The Sunday Tribune had a rather odd article today about commodity ETFs. Eddie Lennon seems to get his facts wrong, or at least misses the point with regard to the advantages ETFs provide:
ETFs are bought and sold on the stock market just like shares. They offer an easy, inexpensive entry to the markets and can be bought through a stockbroker for a standard brokerage fee or from an investment company, preferably for a flat fee. The minimum investment is usually €5,000, but can be as much as €20,000.
ETFs are listed on the stock market like ordinary shares. You can buy and sell them like you do with ordinary shares. They are also priced like ordinary shares. So where does this minimum investment of €5,000 come from? And a maximum? It makes no sense. (Though I guess he may be directing the article at the pensions market specifically) He goes on:
They can also be bought from the likes of Eagle Star, Irish Life, Canada Life and Rabodirect, which have their own commodity-linked investment funds. These companies buy commodities indices on the world’s stock markets.
Eagle Star’s Global Commodities Fund was the top Irish performer in this area over the past year, until last Wednesday. It rose in value by an impressive 48.16%. Next was Irish Life’s Commodities Index Fund, which grew by 20.19% over the same period, followed by Rabodirect’s BlackRock World Gold Fund (up 18.61%), Rabodirect’s BlackRock World Mining Fund (up 12.48%), Canada Life’s Quadrivium Fund (down 12.37%) and Rabodirect’s JPM Global Natural Resources Fund (down 16.79%).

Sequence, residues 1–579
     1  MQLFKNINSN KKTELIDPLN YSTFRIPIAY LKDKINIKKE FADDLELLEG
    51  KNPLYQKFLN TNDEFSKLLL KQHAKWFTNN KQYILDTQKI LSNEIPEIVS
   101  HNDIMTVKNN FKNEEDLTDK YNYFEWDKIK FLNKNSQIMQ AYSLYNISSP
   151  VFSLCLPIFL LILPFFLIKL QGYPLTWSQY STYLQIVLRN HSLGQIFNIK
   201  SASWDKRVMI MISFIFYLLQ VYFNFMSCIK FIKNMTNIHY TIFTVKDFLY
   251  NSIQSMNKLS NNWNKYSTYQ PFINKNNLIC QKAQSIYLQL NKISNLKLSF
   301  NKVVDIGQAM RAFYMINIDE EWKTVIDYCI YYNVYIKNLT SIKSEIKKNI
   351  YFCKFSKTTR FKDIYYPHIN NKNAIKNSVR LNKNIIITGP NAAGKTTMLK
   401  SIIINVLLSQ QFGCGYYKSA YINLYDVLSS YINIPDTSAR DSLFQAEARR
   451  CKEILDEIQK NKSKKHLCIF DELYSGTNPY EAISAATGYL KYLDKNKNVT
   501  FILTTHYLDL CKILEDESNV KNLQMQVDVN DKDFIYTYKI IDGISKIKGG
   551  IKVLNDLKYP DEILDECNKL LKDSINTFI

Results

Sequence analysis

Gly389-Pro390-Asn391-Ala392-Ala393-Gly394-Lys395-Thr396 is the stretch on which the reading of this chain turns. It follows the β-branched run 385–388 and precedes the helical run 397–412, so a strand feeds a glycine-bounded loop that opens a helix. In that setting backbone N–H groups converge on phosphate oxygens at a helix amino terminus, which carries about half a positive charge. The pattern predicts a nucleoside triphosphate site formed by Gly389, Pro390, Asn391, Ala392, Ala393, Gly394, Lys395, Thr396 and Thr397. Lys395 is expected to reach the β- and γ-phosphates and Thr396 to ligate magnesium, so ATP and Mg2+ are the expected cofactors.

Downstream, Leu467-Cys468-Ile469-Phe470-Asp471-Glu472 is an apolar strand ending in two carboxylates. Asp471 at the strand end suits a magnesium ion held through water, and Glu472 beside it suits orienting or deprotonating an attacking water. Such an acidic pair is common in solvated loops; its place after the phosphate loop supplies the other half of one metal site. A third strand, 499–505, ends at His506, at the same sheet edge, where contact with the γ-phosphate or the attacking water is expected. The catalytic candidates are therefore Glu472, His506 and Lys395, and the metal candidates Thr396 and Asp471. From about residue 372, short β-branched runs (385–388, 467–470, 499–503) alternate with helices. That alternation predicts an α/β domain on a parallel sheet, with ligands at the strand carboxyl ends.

Ah. Now I see. Let’s take the Eagle Star Global Commodities Fund as an example. According to the information in the prior piece, there is a minimum investment level of €5k. But that’s only if you go through one of this firms who are simply reselling ETFs. The one mentioned actually just tracks this. Which traded at $67.80 a share on Friday.
Why would I go through Eagle Star when I can just buy the ETF myself on the market? I could buy one share for $67.80, that’s the real minimum investment level. And the maximum? Well I guess I could theoretically buy all the ETF shares, but that would cost quite a bit of money. Or better yet I could dollar cost average my investment in ETFs, and buy at regular intervals. See here.
Strangely, expense ratios are nowhere mentioned. It is one of the biggest factors for anyone buying ETFs. Vanguard offer some of the lowest.
The Fool has a good roundup on the difference between mutual funds and ETFs.
I suspect all of these firms are simply reselling ETF products and taking a cut for themselves. If you want commodities exposure you would be better advised to avoid all of these firms. Technically the least you can invest is one share, not €5,000.
And no matter what you do, either doing it yourself or through one of these firms, you will be dollar exposed since the ETFs are listed on US markets.